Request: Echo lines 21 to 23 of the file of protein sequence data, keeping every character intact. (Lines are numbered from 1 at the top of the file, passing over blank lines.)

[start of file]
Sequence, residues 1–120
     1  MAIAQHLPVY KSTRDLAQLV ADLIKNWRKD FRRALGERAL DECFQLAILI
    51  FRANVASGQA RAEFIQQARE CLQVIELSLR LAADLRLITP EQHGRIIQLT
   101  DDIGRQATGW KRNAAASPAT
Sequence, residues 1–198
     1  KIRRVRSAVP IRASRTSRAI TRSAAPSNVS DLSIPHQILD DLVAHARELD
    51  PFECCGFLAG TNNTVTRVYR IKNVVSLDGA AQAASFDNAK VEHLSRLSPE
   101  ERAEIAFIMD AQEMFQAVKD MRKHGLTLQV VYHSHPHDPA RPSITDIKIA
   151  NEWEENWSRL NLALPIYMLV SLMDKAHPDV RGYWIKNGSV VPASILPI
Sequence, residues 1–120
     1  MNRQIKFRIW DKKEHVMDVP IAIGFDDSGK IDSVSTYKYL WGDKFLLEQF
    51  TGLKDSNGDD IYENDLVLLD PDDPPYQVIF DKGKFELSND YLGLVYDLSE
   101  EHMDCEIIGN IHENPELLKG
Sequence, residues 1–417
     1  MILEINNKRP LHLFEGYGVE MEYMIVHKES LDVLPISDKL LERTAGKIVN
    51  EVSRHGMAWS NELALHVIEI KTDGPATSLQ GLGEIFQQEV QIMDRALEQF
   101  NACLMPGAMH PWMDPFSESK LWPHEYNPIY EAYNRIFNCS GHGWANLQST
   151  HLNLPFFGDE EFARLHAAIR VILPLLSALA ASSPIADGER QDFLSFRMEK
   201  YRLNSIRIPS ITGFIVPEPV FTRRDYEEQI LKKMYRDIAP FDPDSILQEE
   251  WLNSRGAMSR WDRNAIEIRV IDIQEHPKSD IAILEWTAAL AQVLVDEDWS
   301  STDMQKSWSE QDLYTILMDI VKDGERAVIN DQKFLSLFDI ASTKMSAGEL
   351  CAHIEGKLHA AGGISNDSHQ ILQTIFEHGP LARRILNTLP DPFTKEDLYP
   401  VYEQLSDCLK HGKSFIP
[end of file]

   301  STDMQKSWSE QDLYTILMDI VKDGERAVIN DQKFLSLFDI ASTKMSAGEL
   351  CAHIEGKLHA AGGISNDSHQ ILQTIFEHGP LARRILNTLP DPFTKEDLYP
   401  VYEQLSDCLK HGKSFIP